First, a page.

Cooking with Parmigiano Reggiano

Christmas,Cooking How-To,Dinner,Holidays,How-To,Recipes
April 1, 2006

Cooking with Italy's most famous cheese brings a blast of savory flavor.

Mark Boughton Photography

Opera, shoes, cars — the Italian style is unsurpassable. But Italy’s biggest claim to fame may be the venerable Parmigiano Reggiano cheese. Although stateside, “Parmesan” is relegated to everything from potato chips to fast food, in Italy, it is a highly prized food that is a vital part of the culture and the Italian livelihood.

Parmesan cheese, as it’s called when produced domestically, was born from Parmigiano Reggiano. Like Champagne (which must be produced in the Champagne region of France to be called such), cheese labeled Parmigiano Reggiano must be made in the Italian provinces of Parma, Reggio, Emilia, Modena, Mantua and parts of Bologna under very specific rules—only from morning and evening milk from cows fed special grasses.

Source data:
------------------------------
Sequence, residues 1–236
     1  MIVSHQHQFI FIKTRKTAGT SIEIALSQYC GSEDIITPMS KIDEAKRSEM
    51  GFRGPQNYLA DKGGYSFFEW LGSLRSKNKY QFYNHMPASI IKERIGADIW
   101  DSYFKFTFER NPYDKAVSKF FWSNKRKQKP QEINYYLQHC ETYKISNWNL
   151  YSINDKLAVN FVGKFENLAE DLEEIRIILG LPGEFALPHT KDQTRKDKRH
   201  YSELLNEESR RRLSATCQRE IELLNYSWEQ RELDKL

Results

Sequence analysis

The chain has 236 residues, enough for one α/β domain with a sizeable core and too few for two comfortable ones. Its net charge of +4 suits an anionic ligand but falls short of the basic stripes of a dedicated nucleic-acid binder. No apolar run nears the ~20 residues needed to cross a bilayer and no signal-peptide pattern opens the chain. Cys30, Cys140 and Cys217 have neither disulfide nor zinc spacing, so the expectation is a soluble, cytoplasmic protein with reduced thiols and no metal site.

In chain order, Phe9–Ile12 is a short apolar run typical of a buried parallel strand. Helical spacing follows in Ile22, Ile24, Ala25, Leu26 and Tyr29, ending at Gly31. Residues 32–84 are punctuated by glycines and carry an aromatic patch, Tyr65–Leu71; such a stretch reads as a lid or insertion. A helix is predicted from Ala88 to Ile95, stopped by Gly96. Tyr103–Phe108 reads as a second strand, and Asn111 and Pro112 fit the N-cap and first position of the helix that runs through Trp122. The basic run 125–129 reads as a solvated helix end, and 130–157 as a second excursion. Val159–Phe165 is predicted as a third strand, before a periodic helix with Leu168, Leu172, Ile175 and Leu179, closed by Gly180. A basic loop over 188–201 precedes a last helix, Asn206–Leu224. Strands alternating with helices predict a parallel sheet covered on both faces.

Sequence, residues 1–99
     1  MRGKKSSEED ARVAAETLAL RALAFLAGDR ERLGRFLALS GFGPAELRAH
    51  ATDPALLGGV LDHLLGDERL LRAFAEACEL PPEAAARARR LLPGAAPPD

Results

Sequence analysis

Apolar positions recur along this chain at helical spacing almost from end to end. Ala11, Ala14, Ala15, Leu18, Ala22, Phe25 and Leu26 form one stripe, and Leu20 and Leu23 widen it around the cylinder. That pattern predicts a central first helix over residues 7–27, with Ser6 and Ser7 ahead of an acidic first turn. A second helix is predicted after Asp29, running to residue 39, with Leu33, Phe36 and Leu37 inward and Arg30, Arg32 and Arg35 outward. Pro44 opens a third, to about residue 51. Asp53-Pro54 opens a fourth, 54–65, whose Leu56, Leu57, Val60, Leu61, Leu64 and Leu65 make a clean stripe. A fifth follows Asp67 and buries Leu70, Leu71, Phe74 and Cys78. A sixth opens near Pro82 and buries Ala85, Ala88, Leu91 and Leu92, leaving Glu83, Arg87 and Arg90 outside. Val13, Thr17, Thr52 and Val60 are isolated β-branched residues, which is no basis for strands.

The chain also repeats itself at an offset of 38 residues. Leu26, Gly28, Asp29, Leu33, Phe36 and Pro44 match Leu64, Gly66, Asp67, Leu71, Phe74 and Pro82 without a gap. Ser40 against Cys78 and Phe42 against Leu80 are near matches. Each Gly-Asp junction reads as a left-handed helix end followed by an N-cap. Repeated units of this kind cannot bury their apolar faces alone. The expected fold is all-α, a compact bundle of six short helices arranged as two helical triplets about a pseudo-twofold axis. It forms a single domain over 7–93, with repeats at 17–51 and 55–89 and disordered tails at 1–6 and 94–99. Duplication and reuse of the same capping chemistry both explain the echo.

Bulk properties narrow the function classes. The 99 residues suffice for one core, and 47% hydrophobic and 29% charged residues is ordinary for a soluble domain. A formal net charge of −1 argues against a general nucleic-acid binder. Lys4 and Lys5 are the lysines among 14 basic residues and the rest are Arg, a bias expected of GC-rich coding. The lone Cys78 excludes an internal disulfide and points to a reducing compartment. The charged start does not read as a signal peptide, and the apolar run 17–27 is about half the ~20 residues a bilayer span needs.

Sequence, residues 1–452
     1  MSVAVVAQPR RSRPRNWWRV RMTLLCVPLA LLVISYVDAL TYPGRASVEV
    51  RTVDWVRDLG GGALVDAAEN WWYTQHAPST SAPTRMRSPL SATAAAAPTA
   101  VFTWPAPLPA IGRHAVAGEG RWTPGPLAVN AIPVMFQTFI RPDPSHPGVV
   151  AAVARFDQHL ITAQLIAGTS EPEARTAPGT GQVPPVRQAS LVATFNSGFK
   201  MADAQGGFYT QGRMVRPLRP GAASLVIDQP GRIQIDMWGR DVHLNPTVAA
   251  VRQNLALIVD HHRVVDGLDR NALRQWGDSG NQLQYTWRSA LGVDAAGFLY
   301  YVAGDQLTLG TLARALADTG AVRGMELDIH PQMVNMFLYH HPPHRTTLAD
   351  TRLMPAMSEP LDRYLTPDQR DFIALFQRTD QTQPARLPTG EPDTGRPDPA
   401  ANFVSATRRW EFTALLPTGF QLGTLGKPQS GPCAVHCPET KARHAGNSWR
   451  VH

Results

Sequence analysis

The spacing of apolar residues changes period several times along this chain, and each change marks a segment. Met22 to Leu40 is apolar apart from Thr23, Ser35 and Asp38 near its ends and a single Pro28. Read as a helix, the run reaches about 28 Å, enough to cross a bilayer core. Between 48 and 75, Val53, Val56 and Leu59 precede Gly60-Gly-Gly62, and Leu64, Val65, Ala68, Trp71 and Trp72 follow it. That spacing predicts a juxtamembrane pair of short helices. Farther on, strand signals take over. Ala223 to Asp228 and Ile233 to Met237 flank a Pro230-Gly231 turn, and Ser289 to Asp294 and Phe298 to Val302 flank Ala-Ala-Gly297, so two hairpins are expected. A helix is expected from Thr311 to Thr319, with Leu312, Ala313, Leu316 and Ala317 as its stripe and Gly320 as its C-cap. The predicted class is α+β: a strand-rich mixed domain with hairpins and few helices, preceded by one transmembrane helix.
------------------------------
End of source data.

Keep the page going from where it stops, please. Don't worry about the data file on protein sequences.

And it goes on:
Once you have tasted true Parmigiano Reggiano, you’ll be hooked. To know if you have the real thing, look for the pin dot label on the rind that says Parmigiano Reggiano.

For more on how Parmigiano Reggiano is made, see:

Italian Artisan Cheese


Rosa di Parma

Rosa di Parma (Filled Beef Tenderloin)

Having company? Try this indulgent stuffed beef tenderloin for special occasions.

Four Cheese Macaroni and Cheese

Four-Cheese Macaroni and Cheese

America's favorite pasta dish with four cheeses.


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